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Code snippet (normal pointer)

int *pi = new int;
int i = 90;
pi = &i;
int k = *pi + 10;
cout<<k<<endl; 
delete pi;

[Output: 100]

Code snippet (auto pointer)

Case 1:

std::auto_ptr<int> pi(new int);
int i = 90;
pi = &i;
int k = *pi + 10; //Throws unhandled exception error at this point while debugging.
cout<<k<<endl;
//delete pi; (It deletes by itself when goes out of scope. So explicit 'delete' call not required)

Case 2:

std::auto_ptr<int> pi(new int);
int i = 90;
*pi = 90;
int k = *pi + 10;
cout<<k<<endl;

[Output: 100]

Can someone please tell why it failed to work for case 1?

share|improve this question
    
Case 1 should actually fail to compile (no operator to do pi = &i;), so I can't see how you can be debugging this code. –  visitor Apr 23 '10 at 11:05
    
It didn't fail to compile. (I'm compiling with vc8) –  AKN Apr 23 '10 at 12:16
    
You seem to have come across this bug: connect.microsoft.com/VisualStudio/feedback/details/98871 - Ok, @visitor already found that one. –  Björn Pollex Apr 23 '10 at 13:01

2 Answers 2

up vote 2 down vote accepted

You tried to bind auto_ptr to a stack allocated variable.

std::auto_ptr<int> pi(new int);
int i = 90;
pi = &i;

never try to do that - only bind auto_ptr to variables allocated with new. Otherwise auto_ptr will try to delete a stack allocated variable and that's undefined behavior.

share|improve this answer
    
Ok. I changed as below, it worked. { int *i = new int; *i = 90; pi = &i; } One interesting point. The moment I copied 'i' to 'pi', then 'i' became NULL. (I think that is how auto_ptr designed to work) –  AKN Apr 23 '10 at 7:15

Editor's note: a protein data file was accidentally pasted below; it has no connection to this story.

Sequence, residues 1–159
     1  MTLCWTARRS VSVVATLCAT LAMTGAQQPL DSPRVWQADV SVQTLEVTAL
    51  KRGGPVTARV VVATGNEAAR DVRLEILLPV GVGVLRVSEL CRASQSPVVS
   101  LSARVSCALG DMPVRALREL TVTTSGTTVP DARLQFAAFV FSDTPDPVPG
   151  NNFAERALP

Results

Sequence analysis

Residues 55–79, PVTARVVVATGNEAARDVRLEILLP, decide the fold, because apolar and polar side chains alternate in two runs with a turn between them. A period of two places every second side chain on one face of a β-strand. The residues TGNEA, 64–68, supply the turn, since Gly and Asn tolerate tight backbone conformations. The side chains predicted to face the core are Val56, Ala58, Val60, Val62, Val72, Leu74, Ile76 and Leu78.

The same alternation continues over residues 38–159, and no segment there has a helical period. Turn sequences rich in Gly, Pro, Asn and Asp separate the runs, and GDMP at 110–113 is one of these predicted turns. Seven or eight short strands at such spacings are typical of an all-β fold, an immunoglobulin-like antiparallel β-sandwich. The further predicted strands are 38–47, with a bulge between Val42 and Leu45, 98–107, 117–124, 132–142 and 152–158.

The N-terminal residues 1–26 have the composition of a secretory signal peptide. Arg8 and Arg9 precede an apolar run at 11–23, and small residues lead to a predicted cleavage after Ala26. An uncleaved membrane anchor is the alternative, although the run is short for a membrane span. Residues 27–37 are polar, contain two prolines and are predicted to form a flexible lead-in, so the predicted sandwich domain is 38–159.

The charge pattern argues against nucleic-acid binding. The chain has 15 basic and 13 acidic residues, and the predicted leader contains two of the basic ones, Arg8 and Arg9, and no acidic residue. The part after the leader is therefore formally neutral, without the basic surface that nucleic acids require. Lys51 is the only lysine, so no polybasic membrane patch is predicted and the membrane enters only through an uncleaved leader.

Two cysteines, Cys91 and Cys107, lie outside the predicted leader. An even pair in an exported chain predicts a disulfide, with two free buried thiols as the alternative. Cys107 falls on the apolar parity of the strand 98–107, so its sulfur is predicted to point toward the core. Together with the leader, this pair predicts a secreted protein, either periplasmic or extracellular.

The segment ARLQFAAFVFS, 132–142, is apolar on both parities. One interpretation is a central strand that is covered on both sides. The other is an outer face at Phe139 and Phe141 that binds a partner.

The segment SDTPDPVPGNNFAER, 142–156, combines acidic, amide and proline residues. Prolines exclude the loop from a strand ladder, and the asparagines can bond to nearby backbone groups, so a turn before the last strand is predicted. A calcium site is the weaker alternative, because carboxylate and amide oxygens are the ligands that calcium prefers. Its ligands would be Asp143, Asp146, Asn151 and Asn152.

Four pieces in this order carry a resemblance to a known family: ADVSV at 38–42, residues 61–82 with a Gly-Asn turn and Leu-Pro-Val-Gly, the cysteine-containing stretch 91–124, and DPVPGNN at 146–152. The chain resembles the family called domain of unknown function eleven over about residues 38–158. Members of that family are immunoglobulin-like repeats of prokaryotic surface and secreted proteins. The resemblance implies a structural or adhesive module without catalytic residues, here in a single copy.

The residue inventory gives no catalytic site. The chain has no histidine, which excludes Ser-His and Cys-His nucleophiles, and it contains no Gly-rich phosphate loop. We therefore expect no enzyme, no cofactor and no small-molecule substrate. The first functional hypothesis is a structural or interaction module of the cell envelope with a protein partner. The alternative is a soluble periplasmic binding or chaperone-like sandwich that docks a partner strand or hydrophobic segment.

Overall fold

Case 1 fails to compile, because you simply can't assign a plain pointer to an auto_ptr. If you want to change the pointer that the auto_ptr is looking after, you can use the reset method:

pi.reset(&i);

Now pi will delete the pointer it was storing earlier.

However, here you'd be storing the address of a stack allocated variable which must not be deleted. The purpose of std::auto_ptr is to manage a dynamically allocated variable.


What you are observing with VC++ 2005 appears to be a bug in the implementation of a feature (ability to assign pointers to std::auto_ptr) which is apparently unspecified in the standard (whether it should or shouldn't compile).

In the next standard std::auto_ptr will be deprecated anyway, so you might rather experiment with saner smart pointers (boost::scoped_ptr, boost::shared_ptr).

share|improve this answer
    
Thanks for your view. When I assigned like pi = &i, during debugging, while dereferencing (*), it raised an exception. When I assigned like pi.reset(&i), it succeeded while dereferencing , but when the program came out of scope, it crashed. I can understand this because, auto_ptr has tried to delete the stack allocated memory when method goes out of scope. –  AKN Apr 23 '10 at 12:22
    
It appears you have stumbled upon a bug in the library implementation: connect.microsoft.com/VisualStudio/feedback/details/98871/…. Just remember that assigning a pointer to auto_ptr is not portable (I would have thought it was the intention of the standard that this shouldn't compile, but perhaps it is unspecified). –  visitor Apr 23 '10 at 12:42

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